Dismiss Notice
Join Physics Forums Today!
The friendliest, high quality science and math community on the planet! Everyone who loves science is here!

Is neutrino oscillation a violation of a conservation law?

  1. Aug 16, 2011 #1
    Neutrinos are emitted with corresponding leptons (e, mu ,tau) and thats a conservations law(?)
    what about when neutrinos oscillate into each other is that a violation of that law? also is there a corresponding oscillation in the other leptons and other particles??

    Thanks :wink:
  2. jcsd
  3. Aug 17, 2011 #2
    Well, if there were no neutrino oscillations then yes, there would be a conserved quantum number, call it 'generation' or something. No interactions except for neutrino oscillations can change leptons of one generation into another. Weak interactions can change electrons into electron neutrinos though, muons into muon neutrinos etc, and vice versa.

    There is sort of a corresponding 'oscillation' in the quarks, through the CKM matrix. Quarks of one generation can change into quarks of another generation through weak interations. This isn't generally considered an oscillation though, because the coherence length is very short, due to the big mass differences between the quarks.

    Neutrinos only oscillate back and forth from one generation to another because the masses differences are very small, i.e. all the neutrinos propagate pretty much at exactly the same speed, or perhaps more importantly the phase of their wavefunction changes at basically the same speed. So the superposition of all neutrino mass eigenstates can be maintained over long distances. Quarks do not have this property; the generation changes during the interaction but then you definitely have one mass eigenstate of a quark or another very soon afterwards (and bound into a hadron at that), not some superposition of them, which would imply some superposition of hadrons.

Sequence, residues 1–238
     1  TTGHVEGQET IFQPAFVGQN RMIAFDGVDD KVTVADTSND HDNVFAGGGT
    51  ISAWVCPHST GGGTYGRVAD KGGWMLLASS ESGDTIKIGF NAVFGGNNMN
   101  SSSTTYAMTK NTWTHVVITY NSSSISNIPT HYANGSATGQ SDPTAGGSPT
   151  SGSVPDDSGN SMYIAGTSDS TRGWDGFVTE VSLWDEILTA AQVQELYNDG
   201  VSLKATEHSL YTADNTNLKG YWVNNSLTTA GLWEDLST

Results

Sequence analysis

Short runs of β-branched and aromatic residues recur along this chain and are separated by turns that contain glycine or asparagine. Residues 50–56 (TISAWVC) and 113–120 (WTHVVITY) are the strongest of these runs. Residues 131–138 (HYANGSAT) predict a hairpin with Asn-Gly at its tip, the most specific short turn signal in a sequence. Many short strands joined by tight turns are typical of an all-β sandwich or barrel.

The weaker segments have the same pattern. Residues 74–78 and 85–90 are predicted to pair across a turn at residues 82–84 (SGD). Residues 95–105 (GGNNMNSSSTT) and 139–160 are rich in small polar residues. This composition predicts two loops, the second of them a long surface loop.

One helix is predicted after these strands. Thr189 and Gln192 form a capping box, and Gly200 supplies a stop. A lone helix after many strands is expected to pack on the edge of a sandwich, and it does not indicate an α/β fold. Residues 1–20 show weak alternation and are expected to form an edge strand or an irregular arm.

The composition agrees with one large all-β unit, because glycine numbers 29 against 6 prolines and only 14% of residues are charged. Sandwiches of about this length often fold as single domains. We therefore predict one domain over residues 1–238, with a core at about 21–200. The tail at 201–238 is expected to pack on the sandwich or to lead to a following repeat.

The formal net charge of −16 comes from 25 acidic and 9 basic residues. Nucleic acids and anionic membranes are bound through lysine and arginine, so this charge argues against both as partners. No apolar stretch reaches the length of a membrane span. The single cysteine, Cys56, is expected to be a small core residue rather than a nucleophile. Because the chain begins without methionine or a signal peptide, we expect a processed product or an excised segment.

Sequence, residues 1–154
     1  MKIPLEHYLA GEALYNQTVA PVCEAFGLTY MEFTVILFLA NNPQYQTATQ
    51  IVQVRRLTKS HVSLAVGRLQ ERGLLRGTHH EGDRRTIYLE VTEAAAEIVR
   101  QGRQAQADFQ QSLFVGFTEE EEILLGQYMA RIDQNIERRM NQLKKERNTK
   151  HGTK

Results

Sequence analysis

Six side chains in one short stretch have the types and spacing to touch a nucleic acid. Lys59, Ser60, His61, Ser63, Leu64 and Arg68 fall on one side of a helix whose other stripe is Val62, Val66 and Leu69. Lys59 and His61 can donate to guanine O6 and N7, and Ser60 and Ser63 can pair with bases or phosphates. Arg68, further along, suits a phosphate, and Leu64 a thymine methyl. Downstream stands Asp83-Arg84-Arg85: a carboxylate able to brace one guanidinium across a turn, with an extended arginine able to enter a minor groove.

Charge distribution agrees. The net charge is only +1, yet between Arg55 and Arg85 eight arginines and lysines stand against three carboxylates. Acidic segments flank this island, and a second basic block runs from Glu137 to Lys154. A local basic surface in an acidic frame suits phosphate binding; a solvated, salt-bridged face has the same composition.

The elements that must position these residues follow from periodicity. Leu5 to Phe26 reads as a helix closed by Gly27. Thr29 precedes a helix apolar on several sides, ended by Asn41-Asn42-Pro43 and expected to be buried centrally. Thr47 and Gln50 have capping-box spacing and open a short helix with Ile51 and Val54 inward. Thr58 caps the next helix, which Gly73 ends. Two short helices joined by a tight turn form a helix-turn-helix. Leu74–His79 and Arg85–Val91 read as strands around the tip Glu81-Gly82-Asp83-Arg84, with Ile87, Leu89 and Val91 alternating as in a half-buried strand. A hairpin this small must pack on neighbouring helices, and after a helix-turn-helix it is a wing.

This is a bit out of my comfort zone though so I guarantee nothing :p.

    edit: I realised I should clarify a bit. Muons obviously can decay to electrons, so sure generation has changed, but you also produce a muon neutrino and an ANTI-electron neutrino in the process. The anti-electronness of the anti-electron neutrino "cancels" the electronness of the electron, so overall there is 0 "electronness" and +1 "muonness", even though you end up with an electron but no muon.
    Last edited: Aug 17, 2011
  4. Aug 18, 2011 #3
    Charged leptons do not undergo oscillations simply because their definition does not allow oscillations. In standard model, charged leptons are defined as the eigenstates of weak interaction having definite mass. A neutrino is also a weak eigenstate, but it is superposition of states having different masses which causes oscillations when they propagate. Techically you can even do the other way around by redefining charged leptons and neutrinos so that charged leptons oscillate and neutrinos do not. But nobody does that simply because it is a stupid thing to do practically.

    For quarks we have another quantum number called color corresponding to strong interaction. If we take eigenstates of color, in general they will not be eigenstates of weak interaction. So we will have oscillation like phenomena when you involve both strong and weak interaction, ie a particle produced through strong interaction can change to any of the weak eigen states.
Know someone interested in this topic? Share this thread via Reddit, Google+, Twitter, or Facebook